PORTLAND, Ore. (KOIN) — Hang those holiday plants with care, the Food and Drug Administration warns. A number of floral Christmas decorations are toxic to domesticated animals like cats, dogs and horses.
“Many people have festive plants around the house for the holidays, including poinsettias, holly, and mistletoe,” the FDA said. “Remember to keep your furry family members in mind when you display or dispose of your holiday plants.”
The popular holiday flower contains a white sap that can irritate a pet’s mouth and stomach when eaten. The ASPCA National Animal Poison Control Center states that symptoms of poinsettia poisoning can include drooling, vomiting and diarrhea.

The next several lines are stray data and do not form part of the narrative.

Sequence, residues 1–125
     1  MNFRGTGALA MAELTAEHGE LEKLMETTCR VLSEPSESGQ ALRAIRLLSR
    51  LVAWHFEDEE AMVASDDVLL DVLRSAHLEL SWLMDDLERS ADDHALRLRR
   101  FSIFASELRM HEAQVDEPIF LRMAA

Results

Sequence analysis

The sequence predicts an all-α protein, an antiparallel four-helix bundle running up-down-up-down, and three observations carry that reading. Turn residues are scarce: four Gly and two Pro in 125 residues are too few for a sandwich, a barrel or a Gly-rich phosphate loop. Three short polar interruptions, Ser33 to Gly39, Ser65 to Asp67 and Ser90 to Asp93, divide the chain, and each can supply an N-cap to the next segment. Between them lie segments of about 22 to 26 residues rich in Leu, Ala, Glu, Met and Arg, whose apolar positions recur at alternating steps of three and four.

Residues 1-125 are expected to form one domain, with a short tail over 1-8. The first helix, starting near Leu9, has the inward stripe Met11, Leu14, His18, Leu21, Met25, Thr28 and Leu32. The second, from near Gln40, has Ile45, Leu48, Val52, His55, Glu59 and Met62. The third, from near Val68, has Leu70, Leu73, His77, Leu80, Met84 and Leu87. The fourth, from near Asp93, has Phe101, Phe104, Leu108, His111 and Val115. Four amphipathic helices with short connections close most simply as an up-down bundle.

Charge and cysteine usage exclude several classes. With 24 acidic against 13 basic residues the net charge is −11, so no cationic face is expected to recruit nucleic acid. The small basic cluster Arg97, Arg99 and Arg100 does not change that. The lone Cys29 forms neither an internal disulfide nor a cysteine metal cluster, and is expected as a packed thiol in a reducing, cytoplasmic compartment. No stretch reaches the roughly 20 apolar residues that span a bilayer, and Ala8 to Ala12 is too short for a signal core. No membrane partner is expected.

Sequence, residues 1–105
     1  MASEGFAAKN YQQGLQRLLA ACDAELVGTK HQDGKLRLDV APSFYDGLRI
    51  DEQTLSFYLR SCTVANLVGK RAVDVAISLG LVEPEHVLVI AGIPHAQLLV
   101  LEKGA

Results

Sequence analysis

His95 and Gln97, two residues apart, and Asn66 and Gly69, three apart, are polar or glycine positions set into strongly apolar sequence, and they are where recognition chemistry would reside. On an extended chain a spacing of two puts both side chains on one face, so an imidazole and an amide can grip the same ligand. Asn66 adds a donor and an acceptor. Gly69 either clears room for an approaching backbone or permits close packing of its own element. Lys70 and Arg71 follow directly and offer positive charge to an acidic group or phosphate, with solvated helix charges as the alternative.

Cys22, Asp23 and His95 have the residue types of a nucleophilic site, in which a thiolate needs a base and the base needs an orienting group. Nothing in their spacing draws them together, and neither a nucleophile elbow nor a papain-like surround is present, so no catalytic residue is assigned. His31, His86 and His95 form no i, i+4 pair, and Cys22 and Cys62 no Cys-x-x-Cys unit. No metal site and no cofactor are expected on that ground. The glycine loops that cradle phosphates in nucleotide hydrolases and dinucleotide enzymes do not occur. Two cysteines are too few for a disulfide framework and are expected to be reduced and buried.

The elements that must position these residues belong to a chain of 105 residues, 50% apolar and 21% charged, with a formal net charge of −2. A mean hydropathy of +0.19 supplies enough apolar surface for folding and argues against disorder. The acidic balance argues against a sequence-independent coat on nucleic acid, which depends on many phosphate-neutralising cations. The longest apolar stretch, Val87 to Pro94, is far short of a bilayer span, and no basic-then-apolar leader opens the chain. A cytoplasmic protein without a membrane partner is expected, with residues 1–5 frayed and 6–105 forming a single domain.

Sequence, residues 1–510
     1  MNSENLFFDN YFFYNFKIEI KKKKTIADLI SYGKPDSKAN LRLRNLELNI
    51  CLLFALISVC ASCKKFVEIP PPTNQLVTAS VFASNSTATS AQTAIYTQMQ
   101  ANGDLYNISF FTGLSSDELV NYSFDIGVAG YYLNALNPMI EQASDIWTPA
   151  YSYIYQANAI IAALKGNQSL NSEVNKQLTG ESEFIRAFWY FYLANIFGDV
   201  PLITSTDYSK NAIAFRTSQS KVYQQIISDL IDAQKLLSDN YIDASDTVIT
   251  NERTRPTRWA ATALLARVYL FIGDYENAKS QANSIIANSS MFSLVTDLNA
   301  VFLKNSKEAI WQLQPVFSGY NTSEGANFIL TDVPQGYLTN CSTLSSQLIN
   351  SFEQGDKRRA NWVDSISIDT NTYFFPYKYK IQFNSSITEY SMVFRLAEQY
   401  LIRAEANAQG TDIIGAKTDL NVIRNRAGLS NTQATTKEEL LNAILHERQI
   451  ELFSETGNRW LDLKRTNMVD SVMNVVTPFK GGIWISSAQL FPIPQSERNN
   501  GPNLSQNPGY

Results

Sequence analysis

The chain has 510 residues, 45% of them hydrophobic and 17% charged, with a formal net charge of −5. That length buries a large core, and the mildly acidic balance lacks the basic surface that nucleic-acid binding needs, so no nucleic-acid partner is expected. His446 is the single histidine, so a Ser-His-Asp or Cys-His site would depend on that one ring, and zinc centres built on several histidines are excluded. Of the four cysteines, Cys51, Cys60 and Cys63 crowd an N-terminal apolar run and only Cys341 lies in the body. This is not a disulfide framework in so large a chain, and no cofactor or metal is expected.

Symptoms associated with poinsettia poisoning are generally mild. If ingested, the FDA says, it’s helpful to remove your pet’s food and water bowls for a few hours while their stomach settles.
Mistletoe contains seriously hazardous levels of toxic chemicals, the National Animal Poison Control Center says. If eaten in large amounts, these toxins can cause low blood pressure, slowed heart rate and breathing problems. Signs of more mild mistletoe poisoning can include upset stomach, diarrhea and unusual behavior.
While less toxic than mistletoe, holly berries and leaves can still be harmful to household pets. The toxins in Holly, known as saponins, can cause drooling, vomiting, diarrhea, lethargy and loss of appetite in dogs and cats.
The FDA recommends contacting a local vet if any of these plants are eaten by your curious household critters.
“Your veterinarian can give you advice on what you can do at home to make your pet more comfortable and help you decide if your pet needs medical treatment,” the FDA said.